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Armenia: Does Amnesty Pave Way for Political Dialogue?

Armenia’s parliament on May 26 approved a presidential amnesty that will set free four individuals who are portrayed by government critics as political prisoners. It remains unclear whether the amnesty means that Armenian opposition leader Levon Ter-Petrosian and top officials in Yerevan will now sit down to engage in a much-touted “open dialogue.”

Authorities declared that their actions aren’t motivated by the opposition’s demand for an amnesty of political prisoners, who were jailed for allegedly stoking post-presidential election violence in 2008. In May 20 remarks to parliament, President Serzh Sargsyan linked the amnesty to the 20th anniversary of Armenia’s declaration of independence from the Soviet Union.

Overall, 397 prisoners are slated to be released from prison on May 28 under the amnesty. An earlier amnesty in 2009 set free most of those considered to be political prisoners by the opposition.

“I realize that some people will try to link the amnesty with the March 1 [2008] events only, but the amnesty is a far more comprehensive act aimed at solving global issues,” Justice Minister Hrair Tovmasian told journalists.

The Armenian National Congress, the country’s largest opposition coalition, is giving no public sign of celebration, or offering praise for the government’s action. However, ANC representatives earlier asserted that two of the soon-to-be-released prisoners – Haykakan Zhamanak daily newspaper editor-in-chief Nikol Pashinian and activist Sasun Mikaelian – would take part in the coalition’s next rally, planned for May 31 in Yerevan.

Pashinian, a vibrant speaker and a driving force of the pre-2008-election rallies, has been behind bars since July 2009 when he surrendered to police after spending more than a year underground; social network discussions often tag him as a potentially key player in Armenia’s 2012 parliamentary elections.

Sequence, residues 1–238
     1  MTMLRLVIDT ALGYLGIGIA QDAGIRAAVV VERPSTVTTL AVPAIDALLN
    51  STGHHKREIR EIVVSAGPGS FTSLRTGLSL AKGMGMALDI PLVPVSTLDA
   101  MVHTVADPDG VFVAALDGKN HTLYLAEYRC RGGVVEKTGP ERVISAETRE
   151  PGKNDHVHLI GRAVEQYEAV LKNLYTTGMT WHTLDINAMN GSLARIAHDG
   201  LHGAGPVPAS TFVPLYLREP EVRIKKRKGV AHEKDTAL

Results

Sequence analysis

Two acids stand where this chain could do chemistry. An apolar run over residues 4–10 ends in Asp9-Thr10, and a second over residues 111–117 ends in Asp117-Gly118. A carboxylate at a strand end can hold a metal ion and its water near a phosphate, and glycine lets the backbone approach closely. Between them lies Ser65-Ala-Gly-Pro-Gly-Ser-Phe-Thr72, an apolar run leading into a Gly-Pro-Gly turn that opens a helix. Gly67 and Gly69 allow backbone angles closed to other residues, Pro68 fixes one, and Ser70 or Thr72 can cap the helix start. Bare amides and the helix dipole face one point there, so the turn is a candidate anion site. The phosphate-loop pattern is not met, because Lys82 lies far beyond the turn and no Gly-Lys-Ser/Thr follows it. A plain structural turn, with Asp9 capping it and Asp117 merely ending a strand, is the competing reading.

Mikael Danielian, chairman of the Helsinki Association in Yerevan, attributed the amnesty mainly to international pressure on Sargsyan’s administration. At the same time, he noted: “If it had not been for domestic pressure, there would be no international pressure.”

In recent weeks, Armenia faced strong criticism about its democratization performance from the US government and the Council of Europe. US Ambassador to Armenia Marie L. Yovanovitch declared April 22 that Armenia would not be eligible to apply for new Millennium Challenge Account funds again until it meets program standards. And on May 9, Thomas Hammarberg, the Council of Europe’s commissioner for human rights, criticized the government’s handling of the 2008 events.

The amnesty removes a major stumbling block to the opening of a political dialogue between the opposition and government. But both sides appeared reluctant to offer information about future plans. “We will have our say when our people are free; for now, we just want them to be free,” said ANC press secretary Arman Musinian.

Some analysts suggest the second half of 2011 could get “hot” in Armenia. Alexander Iskandarian, the director of the Caucasus Institute, suggested that the recent developments might embolden the ANC as the country gears up for parliamentary elections next year.

Marianna Grigoryan is a freelance reporter based in Yerevan and editor of MediaLab.am.

Armenia: Does Amnesty Pave Way for Political Dialogue?

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